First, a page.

Alumnus Joins World-Famous Rig in Return to Campus

Published 09.06.2012

Welding & Metal Fabrication
Diesel Truck, Heavy Equipment & Power Generation
Diesel Truck, Heavy Equipment & Power Generation
School of Transportation & Natural Resources Technologies News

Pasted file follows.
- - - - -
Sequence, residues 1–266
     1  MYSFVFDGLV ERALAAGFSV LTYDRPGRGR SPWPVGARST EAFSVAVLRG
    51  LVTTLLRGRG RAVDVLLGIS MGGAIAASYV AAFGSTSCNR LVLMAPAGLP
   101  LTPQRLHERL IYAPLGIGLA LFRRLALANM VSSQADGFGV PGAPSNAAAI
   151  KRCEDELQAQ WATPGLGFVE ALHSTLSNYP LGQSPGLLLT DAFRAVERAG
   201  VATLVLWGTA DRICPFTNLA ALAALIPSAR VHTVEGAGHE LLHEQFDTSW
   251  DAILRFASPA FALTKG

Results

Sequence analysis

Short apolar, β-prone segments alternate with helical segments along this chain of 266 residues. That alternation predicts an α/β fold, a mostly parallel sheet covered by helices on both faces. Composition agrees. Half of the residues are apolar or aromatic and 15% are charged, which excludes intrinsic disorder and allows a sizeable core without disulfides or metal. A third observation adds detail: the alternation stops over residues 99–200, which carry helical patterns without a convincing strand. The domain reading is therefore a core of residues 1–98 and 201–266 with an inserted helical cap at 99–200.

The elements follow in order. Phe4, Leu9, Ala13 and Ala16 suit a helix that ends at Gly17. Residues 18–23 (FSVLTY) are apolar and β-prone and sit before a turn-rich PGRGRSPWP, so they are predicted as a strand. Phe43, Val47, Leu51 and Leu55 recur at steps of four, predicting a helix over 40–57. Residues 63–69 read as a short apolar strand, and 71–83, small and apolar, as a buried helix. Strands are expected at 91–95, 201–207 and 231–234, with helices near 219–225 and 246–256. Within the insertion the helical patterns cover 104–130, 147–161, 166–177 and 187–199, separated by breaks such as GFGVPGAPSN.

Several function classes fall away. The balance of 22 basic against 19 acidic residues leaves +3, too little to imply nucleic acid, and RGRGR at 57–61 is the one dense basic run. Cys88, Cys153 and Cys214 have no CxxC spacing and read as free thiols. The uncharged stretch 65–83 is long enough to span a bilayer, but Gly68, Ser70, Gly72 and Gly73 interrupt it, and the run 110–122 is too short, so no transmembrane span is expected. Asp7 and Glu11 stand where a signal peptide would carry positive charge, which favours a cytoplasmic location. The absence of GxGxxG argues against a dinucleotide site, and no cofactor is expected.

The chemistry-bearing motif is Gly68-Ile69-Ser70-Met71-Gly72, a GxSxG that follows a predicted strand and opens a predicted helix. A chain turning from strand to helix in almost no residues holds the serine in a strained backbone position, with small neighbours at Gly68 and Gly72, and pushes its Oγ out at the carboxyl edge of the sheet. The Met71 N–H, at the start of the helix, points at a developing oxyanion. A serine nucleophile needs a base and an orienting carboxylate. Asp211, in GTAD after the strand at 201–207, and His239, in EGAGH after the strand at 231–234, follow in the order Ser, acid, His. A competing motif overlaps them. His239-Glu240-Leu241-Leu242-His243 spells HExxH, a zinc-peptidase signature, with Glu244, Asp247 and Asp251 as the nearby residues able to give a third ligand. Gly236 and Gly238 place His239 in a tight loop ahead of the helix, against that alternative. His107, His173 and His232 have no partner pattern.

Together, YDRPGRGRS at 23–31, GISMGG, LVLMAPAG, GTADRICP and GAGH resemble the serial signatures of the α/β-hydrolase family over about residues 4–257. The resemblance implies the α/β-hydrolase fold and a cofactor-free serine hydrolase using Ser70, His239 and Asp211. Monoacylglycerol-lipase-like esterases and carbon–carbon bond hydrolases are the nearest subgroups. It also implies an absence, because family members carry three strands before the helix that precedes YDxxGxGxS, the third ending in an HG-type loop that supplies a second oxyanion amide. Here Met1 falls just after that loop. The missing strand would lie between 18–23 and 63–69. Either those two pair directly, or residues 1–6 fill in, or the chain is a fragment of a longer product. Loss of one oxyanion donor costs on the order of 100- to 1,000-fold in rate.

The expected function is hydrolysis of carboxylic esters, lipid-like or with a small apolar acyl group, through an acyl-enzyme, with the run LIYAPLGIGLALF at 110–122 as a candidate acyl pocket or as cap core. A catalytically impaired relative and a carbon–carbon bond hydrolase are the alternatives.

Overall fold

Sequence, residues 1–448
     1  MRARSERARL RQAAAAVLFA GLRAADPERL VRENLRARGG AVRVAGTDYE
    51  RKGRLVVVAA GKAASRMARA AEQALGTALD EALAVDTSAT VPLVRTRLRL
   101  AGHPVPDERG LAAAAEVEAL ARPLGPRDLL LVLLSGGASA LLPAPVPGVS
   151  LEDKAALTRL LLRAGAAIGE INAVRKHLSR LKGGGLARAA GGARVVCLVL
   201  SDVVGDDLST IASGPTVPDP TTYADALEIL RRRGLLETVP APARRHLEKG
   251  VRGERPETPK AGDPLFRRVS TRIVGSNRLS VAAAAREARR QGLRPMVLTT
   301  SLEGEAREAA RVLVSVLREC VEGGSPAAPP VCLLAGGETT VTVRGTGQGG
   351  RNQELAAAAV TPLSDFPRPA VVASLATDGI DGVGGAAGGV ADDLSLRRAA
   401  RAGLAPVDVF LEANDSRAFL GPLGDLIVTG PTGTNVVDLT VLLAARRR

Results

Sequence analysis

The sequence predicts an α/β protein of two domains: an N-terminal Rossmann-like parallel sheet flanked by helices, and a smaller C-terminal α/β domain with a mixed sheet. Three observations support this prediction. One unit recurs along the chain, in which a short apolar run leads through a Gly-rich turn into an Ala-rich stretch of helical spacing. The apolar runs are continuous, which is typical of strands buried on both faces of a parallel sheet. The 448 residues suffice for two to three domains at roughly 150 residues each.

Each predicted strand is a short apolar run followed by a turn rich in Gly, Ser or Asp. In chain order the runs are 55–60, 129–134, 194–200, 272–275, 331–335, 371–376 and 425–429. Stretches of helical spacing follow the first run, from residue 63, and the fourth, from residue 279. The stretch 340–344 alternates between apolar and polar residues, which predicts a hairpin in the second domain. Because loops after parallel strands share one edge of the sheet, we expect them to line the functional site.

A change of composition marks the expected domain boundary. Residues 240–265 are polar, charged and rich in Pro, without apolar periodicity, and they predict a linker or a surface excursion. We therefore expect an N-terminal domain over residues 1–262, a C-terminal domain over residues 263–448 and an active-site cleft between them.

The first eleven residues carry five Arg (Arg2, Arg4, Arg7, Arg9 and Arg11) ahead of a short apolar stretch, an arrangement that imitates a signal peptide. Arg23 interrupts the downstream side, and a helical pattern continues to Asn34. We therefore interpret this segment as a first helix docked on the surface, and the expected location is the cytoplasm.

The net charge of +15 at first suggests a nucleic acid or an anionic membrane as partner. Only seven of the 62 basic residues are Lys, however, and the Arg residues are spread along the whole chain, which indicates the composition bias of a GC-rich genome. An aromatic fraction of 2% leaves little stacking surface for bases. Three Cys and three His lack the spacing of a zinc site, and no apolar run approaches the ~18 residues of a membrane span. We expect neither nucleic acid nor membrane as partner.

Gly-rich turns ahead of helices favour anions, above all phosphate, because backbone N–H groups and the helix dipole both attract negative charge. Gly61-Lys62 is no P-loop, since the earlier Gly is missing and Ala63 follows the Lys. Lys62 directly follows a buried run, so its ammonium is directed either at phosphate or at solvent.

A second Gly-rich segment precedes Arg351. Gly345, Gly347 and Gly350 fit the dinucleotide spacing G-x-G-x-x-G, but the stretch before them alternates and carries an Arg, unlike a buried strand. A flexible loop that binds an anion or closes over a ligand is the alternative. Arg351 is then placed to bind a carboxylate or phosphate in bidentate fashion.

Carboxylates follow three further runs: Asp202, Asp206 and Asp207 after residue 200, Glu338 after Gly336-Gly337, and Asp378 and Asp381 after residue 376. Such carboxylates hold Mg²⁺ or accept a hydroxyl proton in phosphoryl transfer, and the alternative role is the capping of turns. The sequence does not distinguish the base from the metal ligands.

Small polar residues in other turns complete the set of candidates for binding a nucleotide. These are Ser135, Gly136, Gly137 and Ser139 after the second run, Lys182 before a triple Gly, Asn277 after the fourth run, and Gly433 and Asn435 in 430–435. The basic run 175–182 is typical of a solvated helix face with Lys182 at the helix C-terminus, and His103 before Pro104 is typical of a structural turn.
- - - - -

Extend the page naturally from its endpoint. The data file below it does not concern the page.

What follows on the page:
Students get career advice from 2010 graduate Phil Delazio.Students take a closer look.Framed by campus greenery, the Schramm rig towers above the Earth Science Center.Jeff Roten shows students the vehicle's jumble of hydraulic hosesAn alumnus at the controlsThe job readiness and advancement potential of Penn College graduates was impressively in evidence at the Schneebeli Earth Science Center on Thursday, as Schramm Inc. – which employs a number of alumni and provides scholarships, internships and other ongoing educational opportunities for students – demonstrated a T130XD mobile drilling rig in the School of Natural Resources Management parking lot. The 97,000-pound rig, manufactured in West Chester and carrying a $1.2 million price tag, drew attention from a variety of majors, including diesel, heavy equipment and welding. Accompanying the rig were technical field representatives Phil Delazio, a 2010 alumnus of the college's heavy construction equipment technology: Caterpillar equipment emphasis major, and Jeff Roten. Schramm officials have noted the attractiveness of Penn College graduates' get-right-to-work qualifications, remarks borne out by the day's returnee. "I graduated on a Friday and was on a service call Monday morning," said Delazio, who maintains 25 rigs in the shale gas areas of Pennsylvania, West Virginia and Ohio –  and whose truck odometer reflects 57,000 travel miles in just 11 months. "Most of our new hires are from Penn College; in welding, manufacturing, service ... just about every department has at least one graduate from here." The T130XD rig has been exhibited for students before, but it is also a familiar presence on the international stage. It (and Roten) played a major role in reaching and rescuing 33 trapped Chilean copper miners in October 2010. Roten's advice to students: "Think big!"